value of coaching: 63 percent of the responding organizations
reported that they planned to increase their use of coaching
over the next five years, and 92 percent of the 86 leaders who
were coached said they expected to use a coach again.
Effective coaching can be valuable to organizations and
individuals, but clear expectations about the scope of assignments and coaching styles are keys to success. Beyond agreed-upon expectations, clients must be committed to the process
and be willing to leave their comfort zones. Both coaches and
clients need to recognize that there are no one-size-fits-all
solutions, and trial and error is often involved in developing
strategies. Openness, trust, and a willingness to hear and share
observations are critical to successful coaching relationships.
It is important to note that coaching is not appropriate for
all situations. If a manager or director has a particular skill
deficiency, training may be more effective. Coaching is better
suited to situations that are unique to clients and require a
strong ability to understand other “players” and the environment. No laws govern coaching confidentiality, and the supervisor may expect reports from either the coach or the client to
validate the return on investment. The required scope of the
report may be clearly articulated in the case of performance
improvement coaching, or take the form of a loose request for
occasional updates. When updates are voluntary, it is helpful
for the coach and client to agree on what will be shared so
that a strong sense of trust remains. Feedback to a manager
provides an excellent opportunity to talk about career goals,
professional development, and management expectations. The
likelihood that an investment in coaching will continue is
directly linked to the perception of value.
A Win-Win Solution
Up to 90 percent of a student affairs budget is devoted to
employee salary and benefits. In addition, turnover, poor
morale, and performance issues all have significant time and
cost implications. It makes good economic sense, therefore, to
address problems before they arise.
Anecdotal information in academia indicates that coaching is a win-win for employees and their institutions. Staff
members respond well to suggestions for change that take into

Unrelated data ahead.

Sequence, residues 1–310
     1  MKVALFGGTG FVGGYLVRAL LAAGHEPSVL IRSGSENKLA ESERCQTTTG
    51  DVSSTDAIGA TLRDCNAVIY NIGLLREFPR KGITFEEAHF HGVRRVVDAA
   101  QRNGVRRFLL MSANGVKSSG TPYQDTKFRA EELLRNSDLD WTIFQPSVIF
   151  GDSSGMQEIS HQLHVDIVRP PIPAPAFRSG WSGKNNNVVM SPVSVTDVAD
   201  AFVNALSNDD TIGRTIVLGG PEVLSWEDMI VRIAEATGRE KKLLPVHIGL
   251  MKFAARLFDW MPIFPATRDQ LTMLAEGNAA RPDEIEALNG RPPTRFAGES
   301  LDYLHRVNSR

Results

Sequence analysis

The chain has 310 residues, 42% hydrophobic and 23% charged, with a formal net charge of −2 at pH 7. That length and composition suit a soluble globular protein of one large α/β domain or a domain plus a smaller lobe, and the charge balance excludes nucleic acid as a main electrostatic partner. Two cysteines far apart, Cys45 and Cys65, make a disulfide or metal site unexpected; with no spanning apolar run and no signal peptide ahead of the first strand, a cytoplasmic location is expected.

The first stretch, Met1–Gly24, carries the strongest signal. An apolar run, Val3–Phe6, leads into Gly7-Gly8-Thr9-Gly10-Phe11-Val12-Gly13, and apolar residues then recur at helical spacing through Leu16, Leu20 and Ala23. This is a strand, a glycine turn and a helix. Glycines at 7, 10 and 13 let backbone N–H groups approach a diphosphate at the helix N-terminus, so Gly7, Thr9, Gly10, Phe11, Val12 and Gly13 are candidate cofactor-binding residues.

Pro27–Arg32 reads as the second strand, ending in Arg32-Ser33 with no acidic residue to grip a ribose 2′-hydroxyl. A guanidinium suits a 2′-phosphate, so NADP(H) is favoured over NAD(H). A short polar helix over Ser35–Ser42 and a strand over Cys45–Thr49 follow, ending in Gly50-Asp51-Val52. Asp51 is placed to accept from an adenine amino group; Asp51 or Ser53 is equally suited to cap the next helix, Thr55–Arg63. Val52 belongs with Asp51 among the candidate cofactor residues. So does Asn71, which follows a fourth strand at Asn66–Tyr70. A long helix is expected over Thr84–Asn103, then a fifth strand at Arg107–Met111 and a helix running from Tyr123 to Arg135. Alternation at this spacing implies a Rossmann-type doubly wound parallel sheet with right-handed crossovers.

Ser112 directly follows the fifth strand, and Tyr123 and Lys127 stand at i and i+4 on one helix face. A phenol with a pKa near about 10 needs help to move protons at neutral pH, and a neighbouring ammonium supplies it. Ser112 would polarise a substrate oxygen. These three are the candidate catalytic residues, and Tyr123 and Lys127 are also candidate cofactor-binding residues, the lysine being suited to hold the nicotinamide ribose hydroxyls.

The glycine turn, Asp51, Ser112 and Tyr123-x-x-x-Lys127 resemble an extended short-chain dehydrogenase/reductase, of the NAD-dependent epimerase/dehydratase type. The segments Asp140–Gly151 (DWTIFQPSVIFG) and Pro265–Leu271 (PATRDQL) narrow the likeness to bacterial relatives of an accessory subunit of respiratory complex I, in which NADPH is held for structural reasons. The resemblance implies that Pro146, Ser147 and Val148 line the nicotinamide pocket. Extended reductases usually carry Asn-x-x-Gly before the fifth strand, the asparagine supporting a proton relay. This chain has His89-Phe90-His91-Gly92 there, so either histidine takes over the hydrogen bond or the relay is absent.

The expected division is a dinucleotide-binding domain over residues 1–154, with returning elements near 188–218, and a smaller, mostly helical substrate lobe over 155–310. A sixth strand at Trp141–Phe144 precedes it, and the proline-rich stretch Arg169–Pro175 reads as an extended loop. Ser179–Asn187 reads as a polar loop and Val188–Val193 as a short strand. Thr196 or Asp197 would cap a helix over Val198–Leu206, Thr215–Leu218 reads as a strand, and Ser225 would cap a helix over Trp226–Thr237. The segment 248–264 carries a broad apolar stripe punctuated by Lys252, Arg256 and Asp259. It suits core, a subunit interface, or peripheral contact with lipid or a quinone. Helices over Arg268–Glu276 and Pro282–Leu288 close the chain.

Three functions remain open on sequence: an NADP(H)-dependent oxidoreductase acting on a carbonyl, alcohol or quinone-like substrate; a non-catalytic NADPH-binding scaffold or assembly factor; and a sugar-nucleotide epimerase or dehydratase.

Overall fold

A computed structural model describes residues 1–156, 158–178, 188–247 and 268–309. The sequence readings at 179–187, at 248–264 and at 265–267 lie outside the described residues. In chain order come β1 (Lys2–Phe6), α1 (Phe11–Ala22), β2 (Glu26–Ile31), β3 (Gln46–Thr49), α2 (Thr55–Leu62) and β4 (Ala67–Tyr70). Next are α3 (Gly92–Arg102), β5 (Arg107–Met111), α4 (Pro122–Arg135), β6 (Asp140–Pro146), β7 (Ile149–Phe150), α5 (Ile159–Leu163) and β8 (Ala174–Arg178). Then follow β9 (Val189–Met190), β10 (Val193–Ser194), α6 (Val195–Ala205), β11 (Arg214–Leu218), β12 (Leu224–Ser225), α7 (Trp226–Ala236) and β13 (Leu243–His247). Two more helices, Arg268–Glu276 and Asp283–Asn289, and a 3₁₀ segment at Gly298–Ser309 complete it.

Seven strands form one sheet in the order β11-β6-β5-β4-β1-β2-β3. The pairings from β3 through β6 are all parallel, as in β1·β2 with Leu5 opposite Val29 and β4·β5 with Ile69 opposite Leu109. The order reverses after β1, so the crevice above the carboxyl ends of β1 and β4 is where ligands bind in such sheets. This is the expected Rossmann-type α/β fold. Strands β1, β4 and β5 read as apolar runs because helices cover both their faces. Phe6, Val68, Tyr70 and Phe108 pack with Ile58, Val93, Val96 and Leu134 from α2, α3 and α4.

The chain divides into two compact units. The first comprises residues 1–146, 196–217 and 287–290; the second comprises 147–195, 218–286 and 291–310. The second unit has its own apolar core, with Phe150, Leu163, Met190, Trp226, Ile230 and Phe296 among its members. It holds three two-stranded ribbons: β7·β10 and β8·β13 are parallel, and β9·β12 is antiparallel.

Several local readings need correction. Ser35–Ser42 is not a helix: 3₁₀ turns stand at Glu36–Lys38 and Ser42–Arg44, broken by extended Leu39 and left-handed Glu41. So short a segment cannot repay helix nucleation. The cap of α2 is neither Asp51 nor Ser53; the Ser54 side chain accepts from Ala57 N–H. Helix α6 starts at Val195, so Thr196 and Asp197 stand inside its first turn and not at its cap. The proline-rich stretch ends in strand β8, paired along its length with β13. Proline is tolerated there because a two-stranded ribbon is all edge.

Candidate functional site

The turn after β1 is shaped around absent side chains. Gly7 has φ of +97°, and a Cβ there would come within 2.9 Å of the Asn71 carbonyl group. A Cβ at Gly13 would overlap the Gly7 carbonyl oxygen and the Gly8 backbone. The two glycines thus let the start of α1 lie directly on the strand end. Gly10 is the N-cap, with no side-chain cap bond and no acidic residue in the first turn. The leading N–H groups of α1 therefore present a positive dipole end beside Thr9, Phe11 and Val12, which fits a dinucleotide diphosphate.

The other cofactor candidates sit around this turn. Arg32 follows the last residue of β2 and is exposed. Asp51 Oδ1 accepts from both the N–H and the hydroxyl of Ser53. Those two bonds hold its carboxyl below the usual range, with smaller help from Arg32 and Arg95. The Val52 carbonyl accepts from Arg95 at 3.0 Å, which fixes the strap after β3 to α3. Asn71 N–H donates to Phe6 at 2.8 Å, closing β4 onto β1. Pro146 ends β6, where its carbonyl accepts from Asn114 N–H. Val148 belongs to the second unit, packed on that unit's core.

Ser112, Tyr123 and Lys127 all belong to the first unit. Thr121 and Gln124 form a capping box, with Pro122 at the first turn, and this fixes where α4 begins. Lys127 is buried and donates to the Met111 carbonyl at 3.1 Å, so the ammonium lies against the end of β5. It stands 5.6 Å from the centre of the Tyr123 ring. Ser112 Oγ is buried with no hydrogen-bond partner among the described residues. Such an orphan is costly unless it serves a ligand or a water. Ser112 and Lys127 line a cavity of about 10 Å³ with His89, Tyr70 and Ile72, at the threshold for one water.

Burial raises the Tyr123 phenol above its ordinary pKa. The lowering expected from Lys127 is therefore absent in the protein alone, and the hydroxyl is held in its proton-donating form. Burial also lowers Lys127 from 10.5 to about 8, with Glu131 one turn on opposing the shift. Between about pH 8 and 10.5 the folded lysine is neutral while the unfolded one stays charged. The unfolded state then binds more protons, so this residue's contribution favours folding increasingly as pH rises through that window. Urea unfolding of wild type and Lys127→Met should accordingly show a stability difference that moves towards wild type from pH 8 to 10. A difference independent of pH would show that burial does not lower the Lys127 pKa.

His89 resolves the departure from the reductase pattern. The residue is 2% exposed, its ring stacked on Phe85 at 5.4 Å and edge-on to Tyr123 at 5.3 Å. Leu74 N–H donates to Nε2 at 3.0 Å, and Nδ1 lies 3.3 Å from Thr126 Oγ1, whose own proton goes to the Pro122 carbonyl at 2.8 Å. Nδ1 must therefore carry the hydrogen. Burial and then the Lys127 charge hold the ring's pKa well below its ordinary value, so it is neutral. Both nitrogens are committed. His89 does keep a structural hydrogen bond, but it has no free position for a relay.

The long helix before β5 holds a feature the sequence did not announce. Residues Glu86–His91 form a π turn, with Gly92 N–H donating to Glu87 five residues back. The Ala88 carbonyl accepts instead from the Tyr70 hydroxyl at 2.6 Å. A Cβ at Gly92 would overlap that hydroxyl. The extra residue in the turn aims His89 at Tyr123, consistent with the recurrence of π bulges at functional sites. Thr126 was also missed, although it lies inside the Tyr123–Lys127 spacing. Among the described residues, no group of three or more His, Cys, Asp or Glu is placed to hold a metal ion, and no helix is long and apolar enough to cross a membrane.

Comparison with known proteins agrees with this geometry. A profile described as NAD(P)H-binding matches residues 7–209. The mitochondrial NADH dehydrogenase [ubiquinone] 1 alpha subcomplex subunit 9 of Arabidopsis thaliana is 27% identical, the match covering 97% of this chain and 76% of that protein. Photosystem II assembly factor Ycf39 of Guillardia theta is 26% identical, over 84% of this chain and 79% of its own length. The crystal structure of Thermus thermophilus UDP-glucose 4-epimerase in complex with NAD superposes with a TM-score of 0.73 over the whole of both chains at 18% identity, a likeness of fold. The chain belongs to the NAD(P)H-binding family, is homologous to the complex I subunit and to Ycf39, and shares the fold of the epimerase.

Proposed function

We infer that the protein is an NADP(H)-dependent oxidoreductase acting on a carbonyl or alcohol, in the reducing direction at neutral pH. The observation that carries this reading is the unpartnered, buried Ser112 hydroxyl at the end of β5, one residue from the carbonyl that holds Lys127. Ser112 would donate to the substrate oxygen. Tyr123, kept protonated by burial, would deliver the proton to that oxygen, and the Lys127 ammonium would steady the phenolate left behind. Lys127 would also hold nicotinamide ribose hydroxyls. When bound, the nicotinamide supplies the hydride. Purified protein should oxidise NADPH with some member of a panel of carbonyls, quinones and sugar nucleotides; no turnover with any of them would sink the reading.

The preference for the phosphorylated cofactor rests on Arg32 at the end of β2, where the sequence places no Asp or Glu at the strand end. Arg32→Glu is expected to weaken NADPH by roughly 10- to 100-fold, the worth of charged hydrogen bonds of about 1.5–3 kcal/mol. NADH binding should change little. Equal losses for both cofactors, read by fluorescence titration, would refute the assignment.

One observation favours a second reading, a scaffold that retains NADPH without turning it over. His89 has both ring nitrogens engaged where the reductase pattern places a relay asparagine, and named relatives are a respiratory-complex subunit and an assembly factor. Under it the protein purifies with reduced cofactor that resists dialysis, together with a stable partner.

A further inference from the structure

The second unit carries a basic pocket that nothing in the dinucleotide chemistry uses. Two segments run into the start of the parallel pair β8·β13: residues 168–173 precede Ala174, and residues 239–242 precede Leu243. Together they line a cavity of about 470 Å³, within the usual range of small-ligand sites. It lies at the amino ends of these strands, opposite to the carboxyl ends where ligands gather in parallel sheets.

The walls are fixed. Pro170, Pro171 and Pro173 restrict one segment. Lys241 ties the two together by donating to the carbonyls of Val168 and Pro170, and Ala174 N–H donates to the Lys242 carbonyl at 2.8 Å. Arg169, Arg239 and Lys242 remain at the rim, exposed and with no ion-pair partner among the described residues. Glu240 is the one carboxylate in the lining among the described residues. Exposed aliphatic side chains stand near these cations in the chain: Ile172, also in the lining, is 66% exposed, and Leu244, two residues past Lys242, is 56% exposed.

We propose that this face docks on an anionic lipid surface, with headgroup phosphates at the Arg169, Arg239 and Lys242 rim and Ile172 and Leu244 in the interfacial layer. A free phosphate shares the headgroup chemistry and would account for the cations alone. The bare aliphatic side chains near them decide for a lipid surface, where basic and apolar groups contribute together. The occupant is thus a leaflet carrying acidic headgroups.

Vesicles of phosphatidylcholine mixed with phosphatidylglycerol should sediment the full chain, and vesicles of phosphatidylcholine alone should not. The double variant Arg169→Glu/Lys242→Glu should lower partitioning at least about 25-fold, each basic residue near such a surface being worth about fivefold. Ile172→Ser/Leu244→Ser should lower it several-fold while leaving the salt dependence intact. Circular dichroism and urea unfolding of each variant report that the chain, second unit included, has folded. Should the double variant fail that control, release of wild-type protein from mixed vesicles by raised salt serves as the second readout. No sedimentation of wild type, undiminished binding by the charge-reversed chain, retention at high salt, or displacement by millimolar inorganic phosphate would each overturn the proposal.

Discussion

consideration their styles, backgrounds, and environments.
Their supervisors appreciate immediate results targeted to
areas that most benefit employee performance. During times
of significant change, coaching has the advantage of timeliness
Student affairs is ideally situated to lead the way in developing coaching as an effective training method for its employees.
In the process, it will benefit from a workforce that is skilled,
motivated, and ready to accept the challenges of a new era
in academia. LE
Sheila J. Curran is a professional coach, specializing in academia. She
holds the highest qualification in human resources, the SPHR, and is
the former executive director of the Duke University Career Center. She
held a similar position at Brown University before starting Curran Career
Consulting in 2008. She can be contacted at firstname.lastname@example.org.
Stephanie Helms, EdD
Director, Assessment & Professional
Division of Student Affairs, Duke University
Type of coaching received?
When did the coaching relationship start?
How often do you receive coaching?
Once a month, with occasional homework assignments
How long are the sessions?
45 to 60 minutes
What have you learned from coaching?
I have strengthened my skills to be strategic in planning
and deliberate in my actions. The opportunity to process
every step, from inception to implementation, away from
my work environment has been incredibly helpful.
What are the advantages of coaching versus other forms
of professional development?
Coaching is uniquely designed for the individual. It allows
the ability to measure growth and development over time
against pre-identified variables.
What qualifications or experiences does your coach have
that make him or her particularly useful to you?
I appreciate the coach being skilled in listening and dem-
onstrating appreciative inquiry—asking the right ques-
tions. Having an understanding of the environments and
cultures I need to explore is essential.
Would you recommend coaching to your peers?
I would absolutely recommend coaching to my peers, and
I have. Coaching has helped me be more reflective about
experiences, as opposed to complaining or feeling stuck.
Why is this a good use of your budget?
Coaching provides a return on investment that is immeasurable because it has a direct impact. It is individually
designed and tailored to fit the client’s specific needs.